In Macbeth, do you blame Macduff for abandoning his family? Why or why not?

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andrewnightingale eNotes educator| Certified Educator

Macduff's sudden departure to England was born out of necessity and urgency. He wanted to urge Malcolm to attack Macbeth and reclaim the Scottish throne which had been so ruthlessly usurped by Macbeth. Furthermore, his beloved country was in turmoil. Macbeth's tyranny knew no bounds and Macduff was desperate to restore order. In this sense then, his flight had an honourable purpose and would serve the greater good. Once Macbeth has been defeated, order will be restored and Scotland's people will be safe. One cannot therefore blame him entirely for abandoning his family.

The question arises though, was Macduff foolish or naïve to believe that Macbeth would not stoop so low as to harm his family? Or is this an indication of Macduff's inherent goodness that he could not even think the unthinkable? Whatever it may be, Lady Macduff is not convinced. She is utterly distraught and resentful that her husband could have left them in such a perilous and vulnerable situation.

In her conversation with Ross (Act 4 scene 2), he tries his best to make her think differently of her husband's flight, but to no avail. When he talks about whether it was through wisdom or fear that Macduff left, she angrily replies:

"Wisdom! to leave his wife, to leave his babes,
His mansion and his titles in a place
From whence himself does fly? He loves us not;"

Ross declares that they are living in uncertain times and that they do not know what or why they fear. Lady Macduff should look to herself for not having enough faith in her husband. It is clear that Ross is desperate to leave and begs to be excused saying that things could only become better or worse. His anxiety is palpably clear and he then leaves in a hurry.

Lady Macduff is unforgiving. She is so upset that she tells her son:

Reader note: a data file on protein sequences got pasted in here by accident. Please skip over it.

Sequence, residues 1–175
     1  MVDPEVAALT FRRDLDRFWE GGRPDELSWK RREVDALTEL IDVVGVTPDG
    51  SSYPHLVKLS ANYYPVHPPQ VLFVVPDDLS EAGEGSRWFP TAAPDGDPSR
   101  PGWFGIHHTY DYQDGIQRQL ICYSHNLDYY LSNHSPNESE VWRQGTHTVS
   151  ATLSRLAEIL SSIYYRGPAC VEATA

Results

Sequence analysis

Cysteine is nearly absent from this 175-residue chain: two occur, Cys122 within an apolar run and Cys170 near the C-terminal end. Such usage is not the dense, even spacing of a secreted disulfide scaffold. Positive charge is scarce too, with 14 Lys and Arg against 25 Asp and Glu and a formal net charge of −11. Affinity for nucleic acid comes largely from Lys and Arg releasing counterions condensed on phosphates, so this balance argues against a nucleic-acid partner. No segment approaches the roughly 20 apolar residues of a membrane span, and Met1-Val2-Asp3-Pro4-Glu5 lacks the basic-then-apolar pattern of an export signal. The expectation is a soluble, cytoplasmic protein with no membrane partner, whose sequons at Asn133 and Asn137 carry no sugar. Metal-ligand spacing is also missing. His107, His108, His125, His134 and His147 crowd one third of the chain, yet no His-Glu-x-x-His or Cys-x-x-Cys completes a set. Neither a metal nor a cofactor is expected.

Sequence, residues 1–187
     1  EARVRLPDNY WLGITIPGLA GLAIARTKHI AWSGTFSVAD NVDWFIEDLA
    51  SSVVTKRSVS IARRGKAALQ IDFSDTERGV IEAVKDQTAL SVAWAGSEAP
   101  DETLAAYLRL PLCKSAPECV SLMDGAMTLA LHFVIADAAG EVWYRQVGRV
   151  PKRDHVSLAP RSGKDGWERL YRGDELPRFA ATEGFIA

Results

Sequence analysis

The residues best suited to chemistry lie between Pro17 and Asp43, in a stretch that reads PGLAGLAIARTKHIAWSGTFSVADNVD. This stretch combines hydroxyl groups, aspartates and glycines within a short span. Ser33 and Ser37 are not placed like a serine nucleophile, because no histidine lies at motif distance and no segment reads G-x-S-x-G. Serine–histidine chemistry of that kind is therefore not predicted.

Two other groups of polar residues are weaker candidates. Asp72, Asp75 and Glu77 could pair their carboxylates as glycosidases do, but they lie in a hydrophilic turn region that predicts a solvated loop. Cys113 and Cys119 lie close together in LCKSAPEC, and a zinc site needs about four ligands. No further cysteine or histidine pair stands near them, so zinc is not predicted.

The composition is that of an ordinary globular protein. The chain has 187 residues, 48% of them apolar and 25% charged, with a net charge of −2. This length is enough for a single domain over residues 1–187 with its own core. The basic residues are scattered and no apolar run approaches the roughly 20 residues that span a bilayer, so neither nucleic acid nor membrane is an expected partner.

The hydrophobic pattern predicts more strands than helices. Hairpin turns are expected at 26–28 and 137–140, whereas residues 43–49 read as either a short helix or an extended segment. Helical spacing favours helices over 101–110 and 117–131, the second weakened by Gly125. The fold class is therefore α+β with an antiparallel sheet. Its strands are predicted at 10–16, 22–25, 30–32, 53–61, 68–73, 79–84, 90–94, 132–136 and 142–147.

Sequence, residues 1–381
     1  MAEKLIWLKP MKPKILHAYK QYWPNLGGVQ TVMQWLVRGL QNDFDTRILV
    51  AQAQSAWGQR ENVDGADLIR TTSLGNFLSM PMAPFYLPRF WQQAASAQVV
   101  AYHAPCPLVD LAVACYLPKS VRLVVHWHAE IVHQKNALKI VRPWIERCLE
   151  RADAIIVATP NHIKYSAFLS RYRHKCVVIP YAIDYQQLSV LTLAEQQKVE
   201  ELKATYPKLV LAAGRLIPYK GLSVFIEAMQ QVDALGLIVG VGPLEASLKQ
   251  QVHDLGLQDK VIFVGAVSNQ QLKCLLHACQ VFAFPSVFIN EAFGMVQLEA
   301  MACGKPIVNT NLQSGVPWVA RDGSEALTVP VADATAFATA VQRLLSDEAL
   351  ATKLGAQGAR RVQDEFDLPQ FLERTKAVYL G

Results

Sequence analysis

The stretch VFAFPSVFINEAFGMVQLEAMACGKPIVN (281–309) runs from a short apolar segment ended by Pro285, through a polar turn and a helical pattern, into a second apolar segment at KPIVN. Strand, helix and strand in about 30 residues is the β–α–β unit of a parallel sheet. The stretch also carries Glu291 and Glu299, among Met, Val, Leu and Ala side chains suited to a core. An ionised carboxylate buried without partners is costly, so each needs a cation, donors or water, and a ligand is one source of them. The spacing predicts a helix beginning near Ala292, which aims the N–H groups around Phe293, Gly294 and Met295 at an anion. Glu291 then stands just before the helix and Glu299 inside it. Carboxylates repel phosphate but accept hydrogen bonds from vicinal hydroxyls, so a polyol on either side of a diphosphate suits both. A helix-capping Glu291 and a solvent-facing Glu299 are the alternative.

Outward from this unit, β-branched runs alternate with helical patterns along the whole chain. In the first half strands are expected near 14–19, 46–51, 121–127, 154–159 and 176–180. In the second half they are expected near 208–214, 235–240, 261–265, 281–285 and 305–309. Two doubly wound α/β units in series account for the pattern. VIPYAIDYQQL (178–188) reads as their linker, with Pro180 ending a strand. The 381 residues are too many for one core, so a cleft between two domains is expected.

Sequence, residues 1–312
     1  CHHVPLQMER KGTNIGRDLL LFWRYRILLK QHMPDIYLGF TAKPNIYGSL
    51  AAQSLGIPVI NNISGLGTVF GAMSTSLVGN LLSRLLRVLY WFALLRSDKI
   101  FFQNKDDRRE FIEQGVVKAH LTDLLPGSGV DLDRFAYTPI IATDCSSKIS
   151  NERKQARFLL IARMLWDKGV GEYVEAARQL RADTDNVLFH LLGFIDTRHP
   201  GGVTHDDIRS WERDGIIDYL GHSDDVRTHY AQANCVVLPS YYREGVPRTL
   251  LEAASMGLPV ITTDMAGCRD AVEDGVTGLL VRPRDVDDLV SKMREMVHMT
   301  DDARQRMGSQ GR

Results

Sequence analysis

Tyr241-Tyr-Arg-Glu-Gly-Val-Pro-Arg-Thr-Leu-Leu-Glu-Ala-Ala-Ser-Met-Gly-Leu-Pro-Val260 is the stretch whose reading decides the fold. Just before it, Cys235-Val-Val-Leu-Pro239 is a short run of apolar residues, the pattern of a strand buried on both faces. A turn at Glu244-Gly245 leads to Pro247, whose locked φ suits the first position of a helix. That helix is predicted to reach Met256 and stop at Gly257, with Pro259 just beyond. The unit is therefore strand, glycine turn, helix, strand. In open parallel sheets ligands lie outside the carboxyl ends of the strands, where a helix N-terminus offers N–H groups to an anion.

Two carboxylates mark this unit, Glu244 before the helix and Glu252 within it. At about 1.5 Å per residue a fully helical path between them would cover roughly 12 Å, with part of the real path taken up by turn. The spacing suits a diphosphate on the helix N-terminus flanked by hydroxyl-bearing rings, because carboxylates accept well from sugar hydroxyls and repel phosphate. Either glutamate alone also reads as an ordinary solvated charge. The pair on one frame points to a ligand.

"Sirrah, your father's dead;
And what will you do now? How will you live?"

To her, her husband has ceased to exist. She emphasises her bitterness later by calling Macduff a traitor - one who swears and lies. She adds that such people should be hanged.

It is tragic that Macduff never has the opportunity to redeem himself with his family, for soon after, Macbeth's assassins arrive and kill them all. Macduff is later overcome with grief and remorse when he receives news of their murder and swears revenge:

"Cut short all intermission; front to front
Bring thou this fiend of Scotland and myself;
Within my sword's length set him; if he 'scape,
Heaven forgive him too!"

Susan Hurn eNotes educator| Certified Educator

I don't blame Macduff, but he certainly blamed himself and agonized over their deaths. When he first hears of their slaughter, Macduff's first reaction is that he wasn't there to help them. Furthermore, he blames himself and his trying to overthrow Macbeth for their deaths. "Sinful Macduff," he says to himself, "They were all struck for thee . . . Not for their own demerits, but for mine / Fell slaughter on their souls." Macduff never would have knowingly left his family unprotected. He loved them deeply, calling his children "all my pretty ones." Macduff mourns: "I cannot but remember such things were, / That were most precious to me." Macduff left his family to bring down his country's murderous tyrant. The slaughter of his family and entire household was so wicked that he did not even imagine it.